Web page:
Mad, Bad & Dangerous - Ep 3: Pauline Cummins & Jo Murphy Lawless

  • Sat 19 Mar
  • Content Warning
    Contains discussion of mental health and infant death

    Mad, Bad & Dangerous - Ep 3: Pauline Cummins & Jo Murphy Lawless

    A celebration of "difficult" women.

    A documentary series of interviews profiling leading Irish women over 70 who were moving mountains long before hashtags

    Featuring Pauline Cummins and Jo Murphy Lawless.

    As a result of the pandemic, the relationship that intersects age, gender and public space has never been so fraught. The need to see, hear and prioritise older people has been rendered explicitly visible. These women have been blazing trails for 50 years. They were moving mountains long before hashtags. They are the ‘difficult’ women, the brass necks, the sharp, the fearless: the mad, the bad and the dangerous.

    Created by Emma O' Grady and produced by Up Up Up, with Copper Alley, in association with Dublin Fringe Festival and Age & Opportunity’s Bealtaine Festival, with support from Galway County Council and the Irish Women Lawyers Association along with the Community Knowledge Initiative, Institute for Lifecourse and Society and The Feminist Storytelling Network (NUI Galway) and 168 donors on GoFundMe

    MBD was originally recorded in Aug/Sept 2020 and screened for free online as part of Dublin Fringe Festival and Age & Opportunity's Bealtaine Festival AT HOME.

    • Pauline Cummins

      Pauline Cummins was born in 1949. She is a performance and video artist, a sculptor and a painter. Her work examines issues of identity, gender, power, embodiment, womanhood, maternity and socio-cultural relations connected to communities. She has exhibited and performed nationally and internationally over the last 30 years at venues including the RHA, Tate Liverpool and the Irish Cultural Centre in Paris. In her work and in her activism Pauline strives to situate the work of women artists into a lineage of practice that has been under-researched, under-archived and under-documented.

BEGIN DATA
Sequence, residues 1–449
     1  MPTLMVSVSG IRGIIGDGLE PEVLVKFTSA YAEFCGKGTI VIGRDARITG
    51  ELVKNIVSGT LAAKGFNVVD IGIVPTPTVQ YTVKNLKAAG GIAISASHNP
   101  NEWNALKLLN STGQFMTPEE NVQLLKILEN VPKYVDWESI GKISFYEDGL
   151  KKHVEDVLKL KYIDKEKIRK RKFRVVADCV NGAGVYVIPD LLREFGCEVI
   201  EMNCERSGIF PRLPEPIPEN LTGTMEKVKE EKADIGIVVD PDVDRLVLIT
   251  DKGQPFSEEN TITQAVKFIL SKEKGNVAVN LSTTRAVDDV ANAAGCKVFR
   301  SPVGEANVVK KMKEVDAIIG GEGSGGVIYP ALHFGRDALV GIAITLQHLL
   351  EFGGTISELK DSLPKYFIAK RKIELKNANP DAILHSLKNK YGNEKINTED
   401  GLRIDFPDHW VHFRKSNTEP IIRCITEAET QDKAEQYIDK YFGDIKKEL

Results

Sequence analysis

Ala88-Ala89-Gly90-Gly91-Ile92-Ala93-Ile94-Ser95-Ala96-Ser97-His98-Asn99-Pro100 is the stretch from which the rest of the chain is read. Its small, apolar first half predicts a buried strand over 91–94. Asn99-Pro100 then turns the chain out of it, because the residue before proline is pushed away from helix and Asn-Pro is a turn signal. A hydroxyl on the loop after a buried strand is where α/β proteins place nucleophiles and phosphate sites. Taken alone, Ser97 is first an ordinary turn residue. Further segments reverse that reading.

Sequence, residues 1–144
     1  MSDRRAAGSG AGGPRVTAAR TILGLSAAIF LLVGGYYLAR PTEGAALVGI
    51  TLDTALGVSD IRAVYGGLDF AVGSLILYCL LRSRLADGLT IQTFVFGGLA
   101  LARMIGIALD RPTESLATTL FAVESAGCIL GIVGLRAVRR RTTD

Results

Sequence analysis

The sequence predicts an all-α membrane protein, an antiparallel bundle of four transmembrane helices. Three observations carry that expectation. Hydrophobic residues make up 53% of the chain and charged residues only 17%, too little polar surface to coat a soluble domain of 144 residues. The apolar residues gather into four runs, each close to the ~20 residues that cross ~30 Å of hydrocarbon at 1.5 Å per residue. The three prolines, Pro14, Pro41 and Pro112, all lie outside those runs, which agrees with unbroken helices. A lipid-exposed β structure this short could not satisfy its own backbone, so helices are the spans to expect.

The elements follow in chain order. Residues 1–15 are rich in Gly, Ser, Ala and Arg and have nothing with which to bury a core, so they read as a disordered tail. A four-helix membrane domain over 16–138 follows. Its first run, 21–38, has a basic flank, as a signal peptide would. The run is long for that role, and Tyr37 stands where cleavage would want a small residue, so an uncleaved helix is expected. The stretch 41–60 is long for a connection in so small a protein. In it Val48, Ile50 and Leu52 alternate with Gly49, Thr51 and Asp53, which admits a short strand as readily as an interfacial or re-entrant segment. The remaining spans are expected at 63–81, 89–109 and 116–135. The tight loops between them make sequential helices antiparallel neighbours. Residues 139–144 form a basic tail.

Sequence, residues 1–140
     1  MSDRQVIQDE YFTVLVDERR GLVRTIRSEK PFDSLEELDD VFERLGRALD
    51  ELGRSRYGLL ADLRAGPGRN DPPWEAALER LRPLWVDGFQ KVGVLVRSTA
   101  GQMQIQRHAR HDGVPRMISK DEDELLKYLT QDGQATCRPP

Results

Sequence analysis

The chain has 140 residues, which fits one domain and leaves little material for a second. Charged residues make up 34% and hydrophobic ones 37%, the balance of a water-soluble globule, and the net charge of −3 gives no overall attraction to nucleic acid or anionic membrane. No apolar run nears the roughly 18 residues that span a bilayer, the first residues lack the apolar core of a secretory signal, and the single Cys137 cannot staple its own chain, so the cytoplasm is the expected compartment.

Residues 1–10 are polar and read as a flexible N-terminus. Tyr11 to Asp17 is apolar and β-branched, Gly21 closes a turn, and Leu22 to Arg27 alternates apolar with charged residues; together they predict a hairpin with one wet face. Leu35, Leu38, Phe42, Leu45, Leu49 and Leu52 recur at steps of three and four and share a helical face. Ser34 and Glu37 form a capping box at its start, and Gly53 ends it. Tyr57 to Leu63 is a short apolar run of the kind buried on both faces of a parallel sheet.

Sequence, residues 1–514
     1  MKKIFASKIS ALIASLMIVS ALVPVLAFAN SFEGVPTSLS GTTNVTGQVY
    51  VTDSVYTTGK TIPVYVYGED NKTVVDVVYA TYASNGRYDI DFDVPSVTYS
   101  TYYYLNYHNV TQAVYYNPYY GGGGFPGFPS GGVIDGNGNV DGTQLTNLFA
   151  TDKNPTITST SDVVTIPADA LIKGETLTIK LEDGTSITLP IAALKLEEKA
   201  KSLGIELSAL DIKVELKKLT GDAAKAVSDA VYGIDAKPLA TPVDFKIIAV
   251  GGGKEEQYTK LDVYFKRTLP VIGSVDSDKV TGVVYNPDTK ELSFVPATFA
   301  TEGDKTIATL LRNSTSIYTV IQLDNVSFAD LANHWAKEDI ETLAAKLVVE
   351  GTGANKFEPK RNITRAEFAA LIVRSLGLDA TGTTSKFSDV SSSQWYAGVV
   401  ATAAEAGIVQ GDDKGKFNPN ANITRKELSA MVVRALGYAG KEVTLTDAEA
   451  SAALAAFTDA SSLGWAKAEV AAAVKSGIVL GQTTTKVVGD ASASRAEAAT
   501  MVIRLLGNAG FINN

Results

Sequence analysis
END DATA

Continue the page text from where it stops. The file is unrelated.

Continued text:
She co-founded The Women Artists Action Group’ in 1987 and later took a position on the executive committee of International Association of Women Artists.

      In 1984 she painted a mural at the National Maternity Hospital called The Beginning of Labour and it painted over by the hospital within a couple of weeks without consulting Pauline.

      She has taken part in dozens of residencies, and received many commissions and awards for her work including The George Campbell Painting Award and The Sir Mark Turner Memorial Scholarship. She has been artist in residence on several projects with women in Mountjoy Prison. Her work is in the permanent collection of the Irish Museum of Modern Art. She performs with The Performance Collective and since 2008 has collaborated with Frances Mezzetti on Walking in the Way – a series of performances exploring control of public space and masculinity. She lectures at NCAD and continues to create and to be prolific in her work.

    • Jo Murphy Lawless

      Jo Murphy-Lawless was born in 1946. She is a sociologist, an educator and an activist. While she was a student in UCD she became involved in the protests surrounding the so-called ‘Gentle Revolution’ in 1969. She went on to receive a PhD from Trinity College Dublin and for many years she was a lecturer there at the School of Nursing and Midwifery.

      Jo Murphy-Lawless has been critical of how Irish maternity services have been governed and in 2014 she co-founded the Elephant Collective with the aim of raising public awareness of the tragedy of maternal death. Many people were unaware that if a mother died in childbirth in Ireland an inquest was not mandatory.

      Their activism spawned a touring exhibition called “Picking Up The Threads” which commemorates the lives of the eight women who died in maternity services, a documentary made by Anne-Marie Green and, eventually, a private members bill brought to the Dáil by Clare Daly.

      In 2019 landmark legislation was passed by the Oireachtas to make inquests mandatory in all cases of maternal deaths in the State. She has written extensively on childbirth and the politics of maternity and obstetric care in Ireland and she has contributed to over 100 publications. She has undertaken considerable work in the area of poverty, class and drug abuse - in particular the social and economic damage inflicted on women.

      Today she is a research fellow at the Centre for Health Evaluation, Methodology Research and Evidence Synthesis at NUI Galway.